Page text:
Gluten-Free Tips for Wedding Guests

By Cheryl McEvoy, Director of Communications and New Media, NFCA

Wedding season is upon us, and chances are, those cakes won’t be gluten-free. If you’re headed to a reception, brush up on these gluten-free survival tips to ensure you stay safe while enjoying the fun.

When you get the invite:

The bride and groom may know that you’re gluten-free, but it’s probably not front of mind. Give them a gentle reminder of your dietary needs and offer to speak to the caterer so you can make sure there’s something safe to eat.

When you’re not sure what to expect:

No matter how much you prepare, there’s always the off chance that your gluten-free meal won’t make it to the table. Eat something light before you leave and bring a gluten-free snack bar or some nuts to keep you going through the night, just in case.

When you’re a plus 1:

You probably didn’t get a chance to call ahead, so speak to your server right away. Explain your dietary needs and ask if you can talk to the chef. Chances are, they’ll be able to whip up something gluten-free. If the best they can do is a salad, work with it. Remember, the key is to enjoy the celebration, not stress over a lackluster dinner.

When there’s a buffet:

If the dinner is buffet-style, be cautious of possible gluten risks. Serving spoons can become contaminated if they touch gluten-containing food, and an innocent-looking cream sauce could actually contain flour. If the risks seem too high, ask a server if they can make you a plate using a fresh tray of food from the back, using a clean spoon to dish it out. Be specific about which dishes are safe to include.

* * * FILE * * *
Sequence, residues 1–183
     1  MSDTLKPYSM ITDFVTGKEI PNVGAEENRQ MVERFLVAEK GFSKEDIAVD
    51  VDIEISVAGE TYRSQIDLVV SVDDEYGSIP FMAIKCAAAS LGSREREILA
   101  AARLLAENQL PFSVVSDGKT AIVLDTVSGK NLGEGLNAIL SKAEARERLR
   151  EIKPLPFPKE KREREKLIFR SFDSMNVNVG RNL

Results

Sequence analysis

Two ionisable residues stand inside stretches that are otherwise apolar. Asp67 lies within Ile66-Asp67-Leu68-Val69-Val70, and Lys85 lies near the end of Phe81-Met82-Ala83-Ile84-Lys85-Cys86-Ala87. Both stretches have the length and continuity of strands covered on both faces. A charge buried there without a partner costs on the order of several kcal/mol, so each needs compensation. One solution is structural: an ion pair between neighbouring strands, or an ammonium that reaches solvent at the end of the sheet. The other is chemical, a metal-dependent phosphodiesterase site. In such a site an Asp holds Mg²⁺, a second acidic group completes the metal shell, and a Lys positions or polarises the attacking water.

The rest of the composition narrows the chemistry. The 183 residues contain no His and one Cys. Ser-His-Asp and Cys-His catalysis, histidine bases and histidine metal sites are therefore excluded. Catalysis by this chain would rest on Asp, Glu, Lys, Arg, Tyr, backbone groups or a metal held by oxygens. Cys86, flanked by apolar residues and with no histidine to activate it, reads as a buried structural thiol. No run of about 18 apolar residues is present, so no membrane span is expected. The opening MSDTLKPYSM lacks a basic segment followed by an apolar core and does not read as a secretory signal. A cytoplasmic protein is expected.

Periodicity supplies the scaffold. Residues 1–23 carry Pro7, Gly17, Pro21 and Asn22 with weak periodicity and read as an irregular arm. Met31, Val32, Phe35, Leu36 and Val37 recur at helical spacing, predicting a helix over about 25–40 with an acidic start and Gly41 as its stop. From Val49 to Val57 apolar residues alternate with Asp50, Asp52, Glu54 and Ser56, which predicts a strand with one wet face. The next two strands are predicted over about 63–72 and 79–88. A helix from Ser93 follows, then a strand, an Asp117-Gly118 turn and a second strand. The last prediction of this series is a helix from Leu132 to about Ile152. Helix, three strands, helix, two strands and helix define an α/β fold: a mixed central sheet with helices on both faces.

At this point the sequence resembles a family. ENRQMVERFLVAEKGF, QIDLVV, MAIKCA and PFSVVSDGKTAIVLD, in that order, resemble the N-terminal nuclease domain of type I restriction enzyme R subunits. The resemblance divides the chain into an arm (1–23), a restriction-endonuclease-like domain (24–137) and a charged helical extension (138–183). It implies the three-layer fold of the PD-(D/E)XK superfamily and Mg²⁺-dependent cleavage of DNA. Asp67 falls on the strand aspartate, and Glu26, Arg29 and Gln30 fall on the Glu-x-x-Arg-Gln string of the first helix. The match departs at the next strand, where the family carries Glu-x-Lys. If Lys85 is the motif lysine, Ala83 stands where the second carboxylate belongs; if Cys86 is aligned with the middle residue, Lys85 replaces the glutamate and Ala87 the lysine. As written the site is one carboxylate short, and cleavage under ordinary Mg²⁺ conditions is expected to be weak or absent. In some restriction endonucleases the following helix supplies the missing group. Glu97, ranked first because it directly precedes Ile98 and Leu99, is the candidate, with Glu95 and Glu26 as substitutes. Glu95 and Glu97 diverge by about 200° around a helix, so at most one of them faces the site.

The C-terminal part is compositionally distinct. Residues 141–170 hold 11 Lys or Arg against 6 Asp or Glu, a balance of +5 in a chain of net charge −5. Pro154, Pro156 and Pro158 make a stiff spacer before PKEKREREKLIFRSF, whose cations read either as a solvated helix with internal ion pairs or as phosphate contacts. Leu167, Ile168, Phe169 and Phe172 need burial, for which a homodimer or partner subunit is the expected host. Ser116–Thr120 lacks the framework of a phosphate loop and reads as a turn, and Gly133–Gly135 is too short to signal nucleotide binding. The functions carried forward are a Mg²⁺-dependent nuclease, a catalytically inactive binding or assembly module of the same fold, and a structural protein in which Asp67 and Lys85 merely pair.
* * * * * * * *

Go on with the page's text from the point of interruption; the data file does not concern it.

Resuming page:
When you belly up to the bar:

That specialty cocktail sounds tempting, but it may not be gluten-free. Ask the bartender about the ingredients before you order. When in doubt, opt for a glass of wine instead.

When the party’s over:

If the couple went above and beyond to ensure you had a gluten-free meal, send a brief note to thank them. They’ll be thrilled to know that you enjoyed their reception, and it will be a great plug for the caterer who prepared that delicious meal!

The National Foundation for Celiac Awareness offers website visitors weekly recipes and blogs about living the gluten-free lifestyle. For more information about celiac disease and gluten-free living, visit

About National Foundation for Celiac Awareness

The National Foundation for Celiac Awareness offers website visitors weekly recipes and blogs about living the gluten-free lifestyle. For more updates from NFCA about celiac disease and gluten-free living, go to

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2 comments on «Gluten-Free Tips for Wedding Guests»

  1. Erin says:

    I almost always pack a full dinner and eat it before I go into the recption. Then I pack a snack for after. Almost always the caterer gets it wrong or I do not feel they fully understand. I have had success at 2 out of 20 weddings in the past 4 years. So, I always come prepared. There is always alcohol we can drink but you do not want to go hungry. Otherwise, you will have a bad time. So my advice is to pack a cooler if you are in the country or pick up a carry out order (e.g. PF Changs) between the ceremony and the reception. Then you know it is right. And if it so happens, your friends gets it right then eat another meal:) The only way I eat it even from 5 star hotels is if they steam everything plain. Because it is not like they have a GF menu. And I have had many horrible experiences with people not fully understanding just how much gluten is in everything.

  2. AvA says:

    That is the most rude and ridiculous advice I’ve EVER heard! If anyone coming to a wedding or any other event has special dietary needs, they need to tend to their own needs privately, and not draw attention to themselves or expect the bride and groom to cater to their personal food sensitivities. Everyone has a dietary special “need” in some way or other. Does any guest at the party NEED the sugar in the cake, or the alcohol in the drinks? That’s equivalent to every Dairy-Free or Vegan person demanding “no milk or eggs in the cake please”. If you can’t have particular ingredients in the food prepared and served to its guests at an event you are going to, do the appropriate, common sense, right thing: say nothing of your health issues and simply have some self control and don’t eat it. After all…THEIR day is NOT about YOU.

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